Berliet VXB-170 (VBMR) (1972)

Armoured Personal Carrier, 179 built.
Berlier VBMR The Berliet VXB-170 was designed as an armored personal carrier in 1969, competing against Renault's VAB on the largest post-WW2 Army procurement program (the equivalent today would be the scorpion program). Berliet was not chosen but found a customer with the Gendarmerie which looked years later for a similar vehicle for crowd and riot control. Then three export customers followed. When Berliet was acquired by Renault in 1978 however, the VXB was terminated after 179 vehicles built.

Berliet's own take on the VAB

Since the end of the Second World War, the French army used Medium (3-5 tonnes) trucks for troop transport, completed by armoured vehicles as the first were exposed to enemy fire. At the end of the 1950s, Lorraine offered an armored body based on a Berliet truck. This project however was not approved by the parliament as too expensive to produce in the context of the time. The Army was back to trucks and a handful of vintage M3 Half-Tracks. The best motorized units were given the rare AMX 13 VCI, an APC variant of the prolific AMX-13 light Tank.

Berliet vs. Renault on the APC program

At the end of the 1960s, the French army wanted a more modern solution to replace its WW2 M3 Half Tracks, which had issues, being old and offering a poor protection at the NBC age. The ministry asked French Truck manufacturers of the time, Renault/Saviem and Berliet to propose the design of a modern 4x4 armored vehicle for troop transport, an APC. The Berliet VBRG VXB-170 emerged through this new call for tenders for an amphibious and NBC-protected vehicle. It ought to be the most ambitious program by scale and technicity proposed by the French army since 1935 (when the whole FT tank park was renewed). The two manufacturers answered the call, Renault in its subsidiary manufacturing utility vehicle and heavy vehicle (SAVIEM) -now Renault Trucks (Defense)- and came with the VAB. Berliet came with its BC-12 program, later refined as the VXB 170. Comparative tests were carried out by the army in 1969, and the VAB was declared the winner.

Not especially on technical grounds as both were quite similar on performances, but rather ergonomics, and most important, industrial capacities. Berliet was dwarved by Renault at this point, and for the production scale envisioned, this weighted heavily. But the Berliet proposal ended cheaper than the Renault's VAB, as a great attention was paid to integrate as many commercial parts as possible from its own truck range. The VXB 170 and VAB though were close "brothers" with many similarities, and well in line with other wheeled APC designs of the time around the world. Although Renaults's VAB won the contest (The production was quite massive, and continuous to the 2000s upgrade programmes, and the last being used in Ukraine today), Berliet had still a second best design on offer and later turned towards the French Gendarmerie, a branch of the Army which usually had its own procurement.

Berliet turned to the Gendarmerie

Indeed at the time, the venerable French Gendarmerie was looking at the time for a vehicle capable of destroying barricades, as memories of May 1968 were vivid. It was to be the perfect crowd control, do-it-all vehicle, a match for its numerous needs. The VXB 170 however was not alone though, as there was a competition there too. Berliet's prototype was thus opposed to the Panhard M3, another 4x4 wheeled AMC derived from the AML-60 armoured car and intended for export. Compared to the puny M3 it was no real opposition. Panhard was part of Citroën at the time, like Berliet. So the direction pushed the Berliet forward instead, without second-thinking.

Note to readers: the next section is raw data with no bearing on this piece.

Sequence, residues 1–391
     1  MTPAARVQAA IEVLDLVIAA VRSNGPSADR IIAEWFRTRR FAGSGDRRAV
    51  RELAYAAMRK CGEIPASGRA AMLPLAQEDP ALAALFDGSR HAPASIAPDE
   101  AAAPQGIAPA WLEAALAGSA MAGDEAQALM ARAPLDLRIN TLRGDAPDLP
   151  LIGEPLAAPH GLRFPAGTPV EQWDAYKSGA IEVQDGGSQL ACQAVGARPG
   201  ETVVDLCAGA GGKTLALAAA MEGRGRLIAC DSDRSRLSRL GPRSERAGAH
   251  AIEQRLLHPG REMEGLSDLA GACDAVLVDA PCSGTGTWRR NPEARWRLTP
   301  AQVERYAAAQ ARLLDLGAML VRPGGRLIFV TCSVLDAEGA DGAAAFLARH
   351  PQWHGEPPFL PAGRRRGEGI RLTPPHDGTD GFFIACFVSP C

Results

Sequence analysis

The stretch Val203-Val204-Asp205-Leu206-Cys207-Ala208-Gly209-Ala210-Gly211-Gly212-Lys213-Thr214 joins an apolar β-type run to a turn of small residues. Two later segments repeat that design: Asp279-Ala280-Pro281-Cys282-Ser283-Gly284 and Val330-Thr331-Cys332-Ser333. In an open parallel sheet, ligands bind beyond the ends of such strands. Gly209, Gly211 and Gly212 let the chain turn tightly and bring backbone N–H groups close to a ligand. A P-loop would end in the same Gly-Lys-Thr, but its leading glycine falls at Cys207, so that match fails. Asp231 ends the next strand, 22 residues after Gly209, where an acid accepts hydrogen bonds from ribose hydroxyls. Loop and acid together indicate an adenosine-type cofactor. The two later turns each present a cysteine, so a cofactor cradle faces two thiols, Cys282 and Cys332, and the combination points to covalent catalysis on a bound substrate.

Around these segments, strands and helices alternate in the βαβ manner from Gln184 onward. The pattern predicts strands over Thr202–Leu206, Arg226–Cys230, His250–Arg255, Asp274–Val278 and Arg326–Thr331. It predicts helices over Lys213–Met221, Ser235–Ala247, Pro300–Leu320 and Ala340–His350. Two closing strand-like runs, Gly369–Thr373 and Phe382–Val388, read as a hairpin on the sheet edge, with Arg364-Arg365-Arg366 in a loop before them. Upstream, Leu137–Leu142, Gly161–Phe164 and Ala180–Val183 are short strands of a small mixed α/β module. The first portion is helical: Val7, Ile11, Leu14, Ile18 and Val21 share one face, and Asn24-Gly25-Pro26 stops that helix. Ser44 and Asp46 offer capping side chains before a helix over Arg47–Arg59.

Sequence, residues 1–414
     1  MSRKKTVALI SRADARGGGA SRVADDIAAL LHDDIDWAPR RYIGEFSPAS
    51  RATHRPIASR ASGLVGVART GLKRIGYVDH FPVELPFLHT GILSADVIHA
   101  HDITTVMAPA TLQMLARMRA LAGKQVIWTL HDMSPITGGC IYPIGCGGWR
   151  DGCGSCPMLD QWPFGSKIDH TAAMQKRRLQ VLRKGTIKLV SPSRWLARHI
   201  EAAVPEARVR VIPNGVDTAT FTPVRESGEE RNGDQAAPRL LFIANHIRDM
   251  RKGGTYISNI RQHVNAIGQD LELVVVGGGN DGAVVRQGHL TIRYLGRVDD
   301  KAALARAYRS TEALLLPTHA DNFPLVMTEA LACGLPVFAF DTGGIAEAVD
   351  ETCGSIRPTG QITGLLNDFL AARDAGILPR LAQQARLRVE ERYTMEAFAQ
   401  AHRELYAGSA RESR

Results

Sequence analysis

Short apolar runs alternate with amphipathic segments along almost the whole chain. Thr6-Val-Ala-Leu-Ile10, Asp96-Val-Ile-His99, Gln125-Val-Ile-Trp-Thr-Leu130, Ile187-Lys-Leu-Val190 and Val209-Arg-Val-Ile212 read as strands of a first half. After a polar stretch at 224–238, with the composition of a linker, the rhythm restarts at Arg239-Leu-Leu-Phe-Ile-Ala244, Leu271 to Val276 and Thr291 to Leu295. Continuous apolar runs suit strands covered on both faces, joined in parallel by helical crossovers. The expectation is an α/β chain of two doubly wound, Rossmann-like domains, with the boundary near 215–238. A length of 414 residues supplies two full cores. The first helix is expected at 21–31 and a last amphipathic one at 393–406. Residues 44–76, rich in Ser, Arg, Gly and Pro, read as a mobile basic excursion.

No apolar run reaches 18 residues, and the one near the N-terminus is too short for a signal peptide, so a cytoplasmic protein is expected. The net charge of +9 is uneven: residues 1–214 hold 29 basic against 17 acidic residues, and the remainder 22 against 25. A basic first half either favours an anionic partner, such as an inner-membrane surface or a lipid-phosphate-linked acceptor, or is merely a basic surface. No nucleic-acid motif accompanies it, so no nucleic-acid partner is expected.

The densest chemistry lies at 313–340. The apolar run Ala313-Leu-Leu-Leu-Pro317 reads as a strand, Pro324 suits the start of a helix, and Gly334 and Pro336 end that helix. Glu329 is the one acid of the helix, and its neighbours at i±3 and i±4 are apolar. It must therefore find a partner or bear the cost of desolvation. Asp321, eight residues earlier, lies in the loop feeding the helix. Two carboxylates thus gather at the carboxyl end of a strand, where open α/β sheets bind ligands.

And thus, with a bit of pressure and a phone call from Citröen, the Gendarmerie staff was not long to choose the larger and more impressive VXB-170. Still, it was not much costier than the M3 for greater capacity. It is therefore logical that the VXB 170 was chosen in 1972. This was followed by a firm order for 155 units. This was evidently several fold lower than the global French army market but allowed to at least financed the prototype construction and tests for the first competition and recuperate some cash without impairing its industrial capacities (no costly investment in real estate and machining). In the name "VXB 170" the number was related to the engine output, 170 hp.

Production and Fate

Another view of the VBRG

Berliet soon setup a small production line at its Bourg-en-Bresse plant to offer a reasonable output over five years (1974-78). The very first production vehicles were delivered from 1974, tand it was soon renamed the VBRG (for "Véhicule Blindé à Roues de la Gendarmerie" or Gendarmerie's Armored Wheeled Vehicle). Its main mission was the transport of armored gendarmes (similar to the Police CRS) to restore public order with better assets than the Police.

Compared to the civilian police forces, the gendarmerie indeed could bring to bear military capabilities with armored personnel carriers or heavy armored vehicles armed with 90 mm guns, and in wartime has the capacity to integrate other armed forces. It is not however a paramilitary force per se. The National Gendarmerie is responsible for crowd and riot control (Gendarmerie mobile), counter-terrorism and release of hostages (GIGN), control and security of airports and aerodromes and air traffic police as well as protecting the President (GSPR), acting as a national guard for sensible sites (Nuclear Weapons Security Force) and prestigious monuments and institutions, plus the honorary Republican Guard. There is also a mountain rescue Platoon, a maritime surveillance branch and the Air Force Gendarmerie. The concept of a hybrid force between the army and police is a widespread concept around the globe.

The VXB-170 production at Berliet went on until 1976, with the 155 vehicles ordered being effectively delivered. However this was still a far cry of what Berliet expected in terms of sells and turned quickly to the export, as Panhard did for the M3. Based on this first success in France, Berliet hoped to find countries potentially interested, but soon encountered its own rival on these markets for the same need, the VAB. There were in the end few countries that placed an order and just for a few vehicles: Gabon wanted 12 for its own Gendarmerie, as Senegal (12 also) and Tunisia, also for crowd control, and just 10 on order. On the long run, Berliet expected to expand this but in 1978 an axe blow fell, as the company was taken over by no other than...